Can fiction create a conversation where study has led only to argument? Some 20 MB and Mennonite church members sponsoring a presentation of Ted Swartz’s play on relationships, sexuality and the church at Mennonite Brethren Collegiate Institute, Winnipeg, Nov. 11, 2014, hope the audience will come to listen.
Listening for Grace: Variations on a Theme of Struggle and Hope is created and acted by the U.S. Mennonite actor and humourist. Swartz plays five different characters, based on interviews and stories from same-sex attracted individuals and their families. Swartz’s play does not promote an agenda, explains the show’s website, but “teaches the transformative power of listening.”
The Mennonite Brethren conference has heard theological teaching on homosexuality at the board of faith and life’s “Honouring God with the body” study conference Oct. 16–18, 2013, and will continue to explore the subject at the “God, Sex and Church” study conference in 2015.
Swartz’s format isn’t a theological study or discussion. “Plays touch on the emotions,” says Manitoba MB conference pastor Keith Poysti. The conference is not endorsing the play; however, “It’s good for us to listen and hear respectfully,” says Poysti.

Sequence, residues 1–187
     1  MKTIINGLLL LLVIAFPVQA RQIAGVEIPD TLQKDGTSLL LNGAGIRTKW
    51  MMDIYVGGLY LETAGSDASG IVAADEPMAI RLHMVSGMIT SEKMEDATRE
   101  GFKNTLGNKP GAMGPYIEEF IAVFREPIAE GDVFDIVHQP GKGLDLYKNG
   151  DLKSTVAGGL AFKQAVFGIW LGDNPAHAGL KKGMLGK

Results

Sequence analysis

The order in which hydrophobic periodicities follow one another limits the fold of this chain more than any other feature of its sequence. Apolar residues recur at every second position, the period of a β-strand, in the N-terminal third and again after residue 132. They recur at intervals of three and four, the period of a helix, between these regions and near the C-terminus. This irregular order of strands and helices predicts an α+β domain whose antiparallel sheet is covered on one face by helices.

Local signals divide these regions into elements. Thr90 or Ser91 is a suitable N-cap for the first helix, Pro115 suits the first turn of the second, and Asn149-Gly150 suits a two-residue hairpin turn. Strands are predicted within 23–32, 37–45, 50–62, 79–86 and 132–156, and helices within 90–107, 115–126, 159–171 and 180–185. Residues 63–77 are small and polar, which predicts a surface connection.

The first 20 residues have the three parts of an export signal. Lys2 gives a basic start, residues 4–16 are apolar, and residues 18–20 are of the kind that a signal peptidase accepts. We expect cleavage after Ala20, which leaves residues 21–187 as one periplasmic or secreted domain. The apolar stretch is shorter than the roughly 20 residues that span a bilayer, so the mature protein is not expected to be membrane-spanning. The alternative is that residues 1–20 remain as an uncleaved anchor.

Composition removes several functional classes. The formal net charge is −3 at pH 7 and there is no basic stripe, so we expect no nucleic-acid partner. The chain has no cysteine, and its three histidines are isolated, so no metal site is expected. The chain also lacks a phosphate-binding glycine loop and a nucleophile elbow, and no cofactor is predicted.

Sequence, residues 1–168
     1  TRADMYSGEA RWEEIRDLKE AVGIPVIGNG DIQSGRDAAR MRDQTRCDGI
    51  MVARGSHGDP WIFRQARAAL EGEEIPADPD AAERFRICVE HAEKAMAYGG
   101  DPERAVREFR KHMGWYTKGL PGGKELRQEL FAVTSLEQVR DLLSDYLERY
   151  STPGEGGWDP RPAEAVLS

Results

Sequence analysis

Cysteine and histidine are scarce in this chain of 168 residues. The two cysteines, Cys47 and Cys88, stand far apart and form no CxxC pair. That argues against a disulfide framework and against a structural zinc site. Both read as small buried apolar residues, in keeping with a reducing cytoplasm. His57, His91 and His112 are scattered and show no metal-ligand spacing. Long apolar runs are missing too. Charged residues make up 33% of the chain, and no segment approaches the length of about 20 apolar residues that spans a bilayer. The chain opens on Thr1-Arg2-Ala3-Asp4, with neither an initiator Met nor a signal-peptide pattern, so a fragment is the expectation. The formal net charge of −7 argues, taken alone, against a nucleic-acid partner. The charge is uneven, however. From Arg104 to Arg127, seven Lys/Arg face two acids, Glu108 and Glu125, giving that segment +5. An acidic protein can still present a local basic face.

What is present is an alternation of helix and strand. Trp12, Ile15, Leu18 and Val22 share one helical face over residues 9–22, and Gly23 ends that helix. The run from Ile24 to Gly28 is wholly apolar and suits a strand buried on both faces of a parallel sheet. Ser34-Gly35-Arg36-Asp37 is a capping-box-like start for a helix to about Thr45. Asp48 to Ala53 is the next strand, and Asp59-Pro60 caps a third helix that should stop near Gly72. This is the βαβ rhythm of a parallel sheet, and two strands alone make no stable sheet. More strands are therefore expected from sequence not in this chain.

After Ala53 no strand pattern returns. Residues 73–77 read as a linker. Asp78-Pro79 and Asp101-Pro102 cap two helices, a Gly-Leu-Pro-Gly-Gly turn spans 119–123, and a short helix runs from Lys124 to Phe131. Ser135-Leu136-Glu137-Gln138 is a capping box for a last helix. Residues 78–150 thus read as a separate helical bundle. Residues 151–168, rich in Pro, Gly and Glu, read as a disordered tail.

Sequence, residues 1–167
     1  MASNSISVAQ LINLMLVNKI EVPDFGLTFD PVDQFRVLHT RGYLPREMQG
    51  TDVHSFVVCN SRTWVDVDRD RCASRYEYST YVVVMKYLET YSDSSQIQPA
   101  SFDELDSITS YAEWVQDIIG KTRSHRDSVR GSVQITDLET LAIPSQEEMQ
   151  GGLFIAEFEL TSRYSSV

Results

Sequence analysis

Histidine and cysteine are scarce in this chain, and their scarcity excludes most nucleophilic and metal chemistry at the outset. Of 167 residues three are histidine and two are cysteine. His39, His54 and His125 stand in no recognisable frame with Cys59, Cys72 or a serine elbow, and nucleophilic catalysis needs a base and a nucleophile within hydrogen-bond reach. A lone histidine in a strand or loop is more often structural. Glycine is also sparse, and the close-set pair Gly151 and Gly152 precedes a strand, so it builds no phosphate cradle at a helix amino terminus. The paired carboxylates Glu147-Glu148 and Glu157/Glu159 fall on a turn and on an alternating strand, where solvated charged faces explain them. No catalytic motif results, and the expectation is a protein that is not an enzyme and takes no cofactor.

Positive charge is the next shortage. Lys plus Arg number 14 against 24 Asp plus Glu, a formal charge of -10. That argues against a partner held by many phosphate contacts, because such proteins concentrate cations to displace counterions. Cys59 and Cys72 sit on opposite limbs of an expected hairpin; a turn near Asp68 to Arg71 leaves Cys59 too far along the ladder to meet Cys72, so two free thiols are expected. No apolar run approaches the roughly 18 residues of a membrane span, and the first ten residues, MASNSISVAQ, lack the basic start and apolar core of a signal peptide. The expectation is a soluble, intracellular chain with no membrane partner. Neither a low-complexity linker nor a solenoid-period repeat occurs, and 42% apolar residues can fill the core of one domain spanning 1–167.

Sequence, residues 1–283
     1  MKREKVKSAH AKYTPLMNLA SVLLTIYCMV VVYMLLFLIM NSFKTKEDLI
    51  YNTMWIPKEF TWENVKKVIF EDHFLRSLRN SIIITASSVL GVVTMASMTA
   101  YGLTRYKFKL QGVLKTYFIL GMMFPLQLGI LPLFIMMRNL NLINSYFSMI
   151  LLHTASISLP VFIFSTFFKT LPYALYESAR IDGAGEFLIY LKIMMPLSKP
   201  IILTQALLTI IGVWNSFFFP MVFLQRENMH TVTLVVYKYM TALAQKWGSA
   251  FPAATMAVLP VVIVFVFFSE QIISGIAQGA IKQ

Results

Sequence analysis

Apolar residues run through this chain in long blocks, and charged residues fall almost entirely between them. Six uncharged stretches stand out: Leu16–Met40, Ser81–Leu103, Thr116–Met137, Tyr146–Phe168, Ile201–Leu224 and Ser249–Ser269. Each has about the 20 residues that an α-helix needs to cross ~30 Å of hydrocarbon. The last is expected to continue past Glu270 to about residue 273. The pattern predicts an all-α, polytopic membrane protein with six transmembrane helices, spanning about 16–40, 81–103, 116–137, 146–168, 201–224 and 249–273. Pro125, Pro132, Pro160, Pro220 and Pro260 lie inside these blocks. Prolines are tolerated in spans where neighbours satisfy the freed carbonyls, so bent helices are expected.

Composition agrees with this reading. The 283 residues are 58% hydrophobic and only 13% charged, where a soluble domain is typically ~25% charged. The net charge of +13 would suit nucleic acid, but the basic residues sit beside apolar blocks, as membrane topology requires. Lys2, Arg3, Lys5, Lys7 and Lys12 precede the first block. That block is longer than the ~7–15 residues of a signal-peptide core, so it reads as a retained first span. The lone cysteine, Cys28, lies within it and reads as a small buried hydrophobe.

John Unger, retired pastor of Fort Garry MB Church, Winnipeg, who is part of the sponsoring group, see the play as “a way to help the church begin to listen to one another.
“It seems such a polarized conversation. [Listening for Grace] kind of pulls it apart and gives voice to five different perspectives,” including a father who learns his son is gay, a deacon, and the son himself, says Unger. He hopes the play is not taken as propaganda, but a nudge to ask, “Where is God’s grace among us in this whole story?”
“Since the [study conference], my wife and I have had a constant stream of people approaching us with their stories.” Unger shared there about his own experience as a father of an adult who experiences same-sex attraction. He receives calls from church leaders on the subject and even had a stranger approach him in a hardware store.
“We’ve not been good listeners around this whole conversation,” says Unger. “Listening has to do with maintaining relationship.” He observes that, for the parents of same-sex attracted children who comprise the sponsoring group, “you can count on one hand or less the number of children who have come out as gay or lesbian or transgender who are still in the church in some way. Many of us don’t know a single gay or lesbian person in our churches – because they’ve all left or are in hiding.”
When people experience same sex attraction, “you come smack up against suffering,” Poysti says. “But to think we can live without suffering as Christians is ridiculous.”
“I don’t know that we’re going to change anybody’s mind on anything,” says Unger, “except perhaps to open up the space for conversation to say, ‘you’re still my brother, my sister. I disagree with you, but I hear some of your story.’”